North Dakota State University, Argonne partner to synthesize silicon-based quantum dots
Researchers from North Dakota State University (Fargo), working with scientists from the U.S. Department of Energy’s (DOE) Argonne National Laboratory and other institutions, have devised a new way of making quantum dots — nano-sized semiconductor particles that emit light when their electrons are exposed to ultraviolet light.
The team focused its study on synthesizing silicon quantum dots. Traditional methods for creating the particles require the use of dangerous materials such as silicon tetrahydride gas or hydrofluoric acid. In its quest for a safer method, the team used a liquid form of silicon to make the nanoparticles at room temperature using relatively benign procedures. Scientists see many potential applications, including in cell biology, medical imaging, quantum computing and solar cells.
The National Science Foundation provided support for this study. Other members of the team include the National Institute of Standards and Technology, Northwestern University and the University of Minnesota.
Argonne program helps North Dakota combat toxic radioactive waste in landfills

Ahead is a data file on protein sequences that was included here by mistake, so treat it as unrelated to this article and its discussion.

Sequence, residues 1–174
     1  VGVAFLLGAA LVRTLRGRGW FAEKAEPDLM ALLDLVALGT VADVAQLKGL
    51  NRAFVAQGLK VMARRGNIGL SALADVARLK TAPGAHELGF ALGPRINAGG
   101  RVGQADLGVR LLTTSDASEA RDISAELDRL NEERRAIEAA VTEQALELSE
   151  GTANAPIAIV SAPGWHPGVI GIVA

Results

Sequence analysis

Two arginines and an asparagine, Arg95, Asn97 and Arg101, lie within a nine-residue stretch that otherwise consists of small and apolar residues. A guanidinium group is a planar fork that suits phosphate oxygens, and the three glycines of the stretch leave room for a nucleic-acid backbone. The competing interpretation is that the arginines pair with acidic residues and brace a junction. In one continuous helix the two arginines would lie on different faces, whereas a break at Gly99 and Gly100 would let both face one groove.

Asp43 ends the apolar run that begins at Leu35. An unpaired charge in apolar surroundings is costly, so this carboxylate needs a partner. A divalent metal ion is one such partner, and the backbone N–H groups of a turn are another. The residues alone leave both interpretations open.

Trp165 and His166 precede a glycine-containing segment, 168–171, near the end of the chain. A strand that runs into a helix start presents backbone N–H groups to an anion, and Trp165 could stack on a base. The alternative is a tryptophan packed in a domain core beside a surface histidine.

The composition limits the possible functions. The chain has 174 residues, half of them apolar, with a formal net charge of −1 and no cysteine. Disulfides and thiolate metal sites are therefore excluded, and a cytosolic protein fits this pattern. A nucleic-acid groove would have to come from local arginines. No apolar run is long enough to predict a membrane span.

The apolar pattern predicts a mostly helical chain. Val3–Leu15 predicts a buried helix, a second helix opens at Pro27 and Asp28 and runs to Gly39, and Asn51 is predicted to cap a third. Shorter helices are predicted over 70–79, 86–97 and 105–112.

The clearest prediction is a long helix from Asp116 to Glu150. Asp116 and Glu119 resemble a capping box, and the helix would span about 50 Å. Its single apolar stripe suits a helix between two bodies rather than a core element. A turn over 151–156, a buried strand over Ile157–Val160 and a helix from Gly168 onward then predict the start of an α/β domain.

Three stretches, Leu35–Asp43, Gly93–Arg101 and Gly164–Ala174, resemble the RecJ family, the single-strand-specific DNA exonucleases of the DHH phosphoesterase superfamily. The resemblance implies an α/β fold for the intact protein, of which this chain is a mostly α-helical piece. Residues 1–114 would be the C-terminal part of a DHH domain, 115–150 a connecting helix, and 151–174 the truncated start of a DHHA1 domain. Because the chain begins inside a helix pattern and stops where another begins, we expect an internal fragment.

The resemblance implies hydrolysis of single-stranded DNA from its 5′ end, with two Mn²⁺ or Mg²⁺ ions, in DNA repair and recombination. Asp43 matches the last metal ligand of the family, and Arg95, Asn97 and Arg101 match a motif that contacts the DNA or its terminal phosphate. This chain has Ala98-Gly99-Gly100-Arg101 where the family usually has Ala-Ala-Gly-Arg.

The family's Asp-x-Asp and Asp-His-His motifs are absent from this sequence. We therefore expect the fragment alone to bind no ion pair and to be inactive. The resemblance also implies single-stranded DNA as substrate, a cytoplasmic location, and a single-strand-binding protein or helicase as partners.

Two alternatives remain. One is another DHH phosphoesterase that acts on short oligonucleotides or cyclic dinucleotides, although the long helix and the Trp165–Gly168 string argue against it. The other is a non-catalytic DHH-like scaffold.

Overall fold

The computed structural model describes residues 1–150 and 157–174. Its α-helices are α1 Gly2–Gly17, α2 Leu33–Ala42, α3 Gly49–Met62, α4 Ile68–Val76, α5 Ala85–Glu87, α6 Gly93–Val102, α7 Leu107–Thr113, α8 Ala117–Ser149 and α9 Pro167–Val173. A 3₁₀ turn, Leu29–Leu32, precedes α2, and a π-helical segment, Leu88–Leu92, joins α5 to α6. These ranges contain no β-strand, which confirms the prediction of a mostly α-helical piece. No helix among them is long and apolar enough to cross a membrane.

In some of the waste streams generated by the oil and gas industry in the United States, it’s not uncommon to find Technologically Enhanced Normally Occurring Radioactive Materials (TENORM) at unsafe concentrations. These materials come from naturally occurring elements in the underground rock formations from which oil and gas are extracted. If not properly managed, such waste streams pose potentially serious health risks and threaten public health. To gauge the risk of North Dakota’s TENORM in waste streams, Argonne scientists conducted assessments to evaluate the radiological doses associated with several scenarios of oil and gas operations, including the operations themselves, improperly managed wastes and transportation of waste to and disposal in landfills.
The team has also measured the economic impacts of several TENORM disposal options and developed tools that help organizations like the North Dakota Department of Health make more informed decisions for managing TENORM-containing wastes. Scientists have also conducted radiological risk assessments on a number of management and disposal options, including spreading TENORM over land, placing waste in nonhazardous landfills and managing scrap material contaminated with TENORM.
Where remediation is needed, Argonne’s Adaptive Sampling and Analysis Program (ASAP) approach helps users characterize and restore TENORM-contaminated sites.